President Trump twice retweeted video of his supporters angrily confronting a local news reporter on Long Island who was covering an anti-lockdown protest while being chased away by one of them who was not wearing facial covering.
‘Great people!’ the president wrote in his tweet sharing video of the incident from Thursday.
Kevin Vesey, a reporter for the television station News 12 Long Island, was taunted and scorned by protesters in the Suffolk County town of Commack on Thursday who were waving pro-Trump flags and holding signs slamming Governor Andrew Cuomo and the stay-at-home orders.
Hundreds of protesters gathered on Jericho Turnpike in Commack on Thursday after seeing a Facebook event organized by the Setauket Patriots, a right-wing organization that supports the president.
‘Who is King Cuomo to tell a business owner they can’t be open? Or that you have to wear a mask when you walk into his store?’ one protester told News 12.
Kevin Vesey (left), a News 12 Long Island reporter, posted video from a rally in Commack, New York, on Thursday. Supporters of President Trump are seen berating him as ‘fake news.’ One of them (right) kept approaching him without a mask while Vesey asked him to back away
‘I think you need to back away,’ Vesey told one protester, a man who appeared in his 40s or 50s wearing a Trump t-shirt and a red baseball cap. ‘I’ve got hydroxychloroquine, I’m fine,’ the man said as he continued to approach Vesey
The protesters demanded an end to the lockdown and a restarting of the economy
Video of the demonstrators confronting the reporter went viral on social media. It was twice retweeted by President Trump
‘People can’t get enough of this,’ the president tweeted on Saturday. ‘Great people!’
Vesey realized that his posts were being shared by Trump. ‘And just like that, I’ve been retweeted by the President,’ Vesey tweeted late on Friday
Vesey then tweeted on Saturday morning: ‘Ok, now I’ve been retweeted TWICE by President Trump. ‘This video has really struck a chord’
But the rally generated significant social media attention because of the anger directed at the reporter, Vesey.
The news report and videos later posted on social media show several of the protesters – most of them without face coverings – berate Vesey by repeating many of Trump’s frequent criticisms of the press.
Vesey’s video shows protesters breaking social distancing guidelines as they started to approach him so as to prevent him from filing a report through Facebook Live.
‘I think you need to back away,’ Vesey told one protester, a man who appeared in his 40s or 50s wearing a Trump t-shirt and a red baseball cap.
‘The level of anger directed at the media from these protesters was alarming,’ Vesey tweeted
Several of the protesters were not wearing masks or observing social distancing guidelines
Several of them criticized him for the media’s coverage of Trump
This protester said she saw through the media’s ‘liberal agenda’
Several of the protesters held signs denouncing Dr. Anthony Fauci, the nation’s top infectious disease expert
‘I’ve got hydroxychloroquine, I’m fine,’ the man said as he continued to approach Vesey.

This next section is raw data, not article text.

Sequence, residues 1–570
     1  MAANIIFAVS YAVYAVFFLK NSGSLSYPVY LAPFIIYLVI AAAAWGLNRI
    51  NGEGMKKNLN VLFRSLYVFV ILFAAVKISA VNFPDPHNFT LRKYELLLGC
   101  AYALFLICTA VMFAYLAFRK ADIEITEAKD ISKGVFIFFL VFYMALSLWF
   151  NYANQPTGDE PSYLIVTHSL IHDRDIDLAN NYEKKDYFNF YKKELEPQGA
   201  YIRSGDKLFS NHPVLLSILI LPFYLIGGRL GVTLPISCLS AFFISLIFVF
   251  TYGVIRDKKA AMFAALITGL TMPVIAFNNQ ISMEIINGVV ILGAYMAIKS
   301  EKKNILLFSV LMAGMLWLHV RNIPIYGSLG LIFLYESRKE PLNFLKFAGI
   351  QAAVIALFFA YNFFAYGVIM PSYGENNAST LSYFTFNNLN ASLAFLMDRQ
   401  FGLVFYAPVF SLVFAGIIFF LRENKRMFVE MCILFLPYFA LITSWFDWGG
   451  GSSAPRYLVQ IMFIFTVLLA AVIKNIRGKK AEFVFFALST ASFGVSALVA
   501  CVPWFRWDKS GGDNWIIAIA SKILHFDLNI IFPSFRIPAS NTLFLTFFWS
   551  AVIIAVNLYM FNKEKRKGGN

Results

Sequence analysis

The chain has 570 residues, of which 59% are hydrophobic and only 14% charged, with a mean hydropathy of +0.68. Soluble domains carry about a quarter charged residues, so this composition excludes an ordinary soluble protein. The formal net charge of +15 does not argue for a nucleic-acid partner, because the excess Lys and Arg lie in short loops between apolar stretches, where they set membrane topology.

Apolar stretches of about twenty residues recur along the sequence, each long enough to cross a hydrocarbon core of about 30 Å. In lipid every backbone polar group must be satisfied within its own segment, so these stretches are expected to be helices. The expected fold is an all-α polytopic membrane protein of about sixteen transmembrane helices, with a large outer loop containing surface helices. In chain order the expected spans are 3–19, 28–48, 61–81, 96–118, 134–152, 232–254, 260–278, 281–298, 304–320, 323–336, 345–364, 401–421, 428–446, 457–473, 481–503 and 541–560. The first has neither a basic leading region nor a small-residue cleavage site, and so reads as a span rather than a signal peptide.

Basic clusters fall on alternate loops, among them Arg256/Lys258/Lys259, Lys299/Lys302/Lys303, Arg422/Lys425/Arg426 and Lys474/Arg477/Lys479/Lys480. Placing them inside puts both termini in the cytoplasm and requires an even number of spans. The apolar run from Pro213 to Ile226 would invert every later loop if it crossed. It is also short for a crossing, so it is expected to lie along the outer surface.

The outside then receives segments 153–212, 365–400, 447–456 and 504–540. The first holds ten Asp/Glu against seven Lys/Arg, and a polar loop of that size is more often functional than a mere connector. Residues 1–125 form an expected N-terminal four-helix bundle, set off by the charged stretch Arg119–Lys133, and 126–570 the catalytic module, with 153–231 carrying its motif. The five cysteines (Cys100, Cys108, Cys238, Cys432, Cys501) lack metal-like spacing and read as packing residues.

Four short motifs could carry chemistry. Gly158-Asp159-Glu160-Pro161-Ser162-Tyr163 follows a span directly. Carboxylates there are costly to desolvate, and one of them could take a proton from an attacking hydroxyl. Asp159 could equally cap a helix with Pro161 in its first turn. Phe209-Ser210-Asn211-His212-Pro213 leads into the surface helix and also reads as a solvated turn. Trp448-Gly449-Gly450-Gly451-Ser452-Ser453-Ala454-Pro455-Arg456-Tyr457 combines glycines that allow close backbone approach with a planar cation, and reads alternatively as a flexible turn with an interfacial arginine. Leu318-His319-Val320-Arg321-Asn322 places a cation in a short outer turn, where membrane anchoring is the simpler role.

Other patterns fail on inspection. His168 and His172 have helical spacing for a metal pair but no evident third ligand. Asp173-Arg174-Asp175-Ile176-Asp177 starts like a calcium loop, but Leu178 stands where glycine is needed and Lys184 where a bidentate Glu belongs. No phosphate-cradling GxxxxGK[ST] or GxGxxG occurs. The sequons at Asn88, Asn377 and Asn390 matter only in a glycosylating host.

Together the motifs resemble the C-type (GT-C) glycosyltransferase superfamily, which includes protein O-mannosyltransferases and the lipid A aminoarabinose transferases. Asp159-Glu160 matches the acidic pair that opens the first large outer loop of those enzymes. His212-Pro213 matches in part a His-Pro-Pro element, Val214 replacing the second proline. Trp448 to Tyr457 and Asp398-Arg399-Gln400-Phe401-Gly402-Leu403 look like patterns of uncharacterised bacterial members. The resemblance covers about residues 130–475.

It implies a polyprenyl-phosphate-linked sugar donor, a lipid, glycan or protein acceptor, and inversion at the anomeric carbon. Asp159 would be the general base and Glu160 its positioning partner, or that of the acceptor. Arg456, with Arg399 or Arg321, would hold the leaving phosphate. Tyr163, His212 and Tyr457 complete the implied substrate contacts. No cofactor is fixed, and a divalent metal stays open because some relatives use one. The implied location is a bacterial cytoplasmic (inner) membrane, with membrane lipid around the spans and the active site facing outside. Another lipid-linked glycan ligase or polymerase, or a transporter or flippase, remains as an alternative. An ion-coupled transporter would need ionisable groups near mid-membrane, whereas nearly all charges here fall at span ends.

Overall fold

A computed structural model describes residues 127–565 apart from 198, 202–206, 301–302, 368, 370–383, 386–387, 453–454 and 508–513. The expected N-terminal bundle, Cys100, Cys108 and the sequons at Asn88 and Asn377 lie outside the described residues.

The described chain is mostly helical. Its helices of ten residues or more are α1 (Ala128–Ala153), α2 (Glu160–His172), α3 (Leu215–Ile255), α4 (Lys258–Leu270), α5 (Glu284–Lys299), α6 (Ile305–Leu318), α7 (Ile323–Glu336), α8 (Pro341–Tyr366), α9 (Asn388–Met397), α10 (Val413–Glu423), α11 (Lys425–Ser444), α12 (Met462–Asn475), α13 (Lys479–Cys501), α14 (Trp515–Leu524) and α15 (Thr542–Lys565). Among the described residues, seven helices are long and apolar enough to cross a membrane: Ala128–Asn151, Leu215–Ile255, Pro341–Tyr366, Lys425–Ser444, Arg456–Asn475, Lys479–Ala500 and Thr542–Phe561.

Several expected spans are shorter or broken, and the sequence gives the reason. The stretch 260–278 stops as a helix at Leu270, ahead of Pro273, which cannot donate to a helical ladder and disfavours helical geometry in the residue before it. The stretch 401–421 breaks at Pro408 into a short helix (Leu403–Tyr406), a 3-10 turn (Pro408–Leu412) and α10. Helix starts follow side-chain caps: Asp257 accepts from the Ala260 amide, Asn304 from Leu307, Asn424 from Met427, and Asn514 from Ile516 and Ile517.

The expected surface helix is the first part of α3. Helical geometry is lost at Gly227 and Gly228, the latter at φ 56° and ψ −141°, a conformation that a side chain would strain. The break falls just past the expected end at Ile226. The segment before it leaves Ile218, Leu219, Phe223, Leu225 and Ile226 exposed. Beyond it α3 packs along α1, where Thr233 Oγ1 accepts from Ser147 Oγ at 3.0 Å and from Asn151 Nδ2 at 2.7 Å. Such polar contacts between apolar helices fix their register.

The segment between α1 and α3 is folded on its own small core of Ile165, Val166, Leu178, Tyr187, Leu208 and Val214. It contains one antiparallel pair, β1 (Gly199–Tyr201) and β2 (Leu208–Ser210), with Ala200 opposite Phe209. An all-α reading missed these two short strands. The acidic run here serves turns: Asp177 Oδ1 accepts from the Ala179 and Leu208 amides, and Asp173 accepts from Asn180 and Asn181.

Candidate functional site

‘I’m just standing here [and] this guy will not get away from me,’ Vesey said as he livestreamed the event.
Vesey then turns to the man and says: ‘Can you back away?’
‘No,’ the man replies.
Hydroxychloroquine is the anti-malaria drug treatment touted by Trump and his supporters as a possible treatment of COVID-19.
Health and medical experts, however, said that studies have shown the drug either has no effect on COVID-19 patients or can even cause serious complications and side effects.
Another protester at the rally who was wearing a face covering held a megaphone and started to approach Vesey.
‘Why are you [in the news media] essential?’ she yelled into the megaphone. ‘Why?’
Another woman with a megaphone and no face covering told Vesey: ‘You like to paint us as if we are a danger [while we are] outside.’
One of the protesters in Commack is seen wearing a Trump mask on Thursday
The protesters were gathered at Jericho Turnpike in Commack. The image above shows a motorcyclist driving past the demonstrations
Several of the protesters were waving American flags and wearing face masks in Commack on Thursday
The area was cordoned off by police from the Suffolk County Police Department
The event was organized on Facebook by a group known as the Setauket Patriots
Another protester holds an American flag in one hand and a sign in the other that reads ‘God is essential’
Many of the protesters gathered on a narrow sidewalk adjacent to Jericho Turnpike in Commack on Thursday
Several trucks with American flags attached to them are seen above as protesters gather nearby
Protesters hold signs that read ‘All jobs are essential’ and ‘Stop the spread of tyranny’ in Commack on Thursday
Another sign reads ‘Save Our Suffolk! Open it up now!’ in Commack on Thursday
Another protester accused Vesey and the press of portraying them as ‘murderers’ for being outdoors.
Vesey later posted a video on Twitter showing the demonstrators not adhering to social distancing while gathered on the narrow sidewalk.
One woman without a mask confronted Vesey, telling him: ‘You shouldn’t be here. You’re fake news.’
‘You stopped airing the Trump briefings and you’re airing the Cuomo briefings,’ the woman said.
‘Go home. You’re fake news.’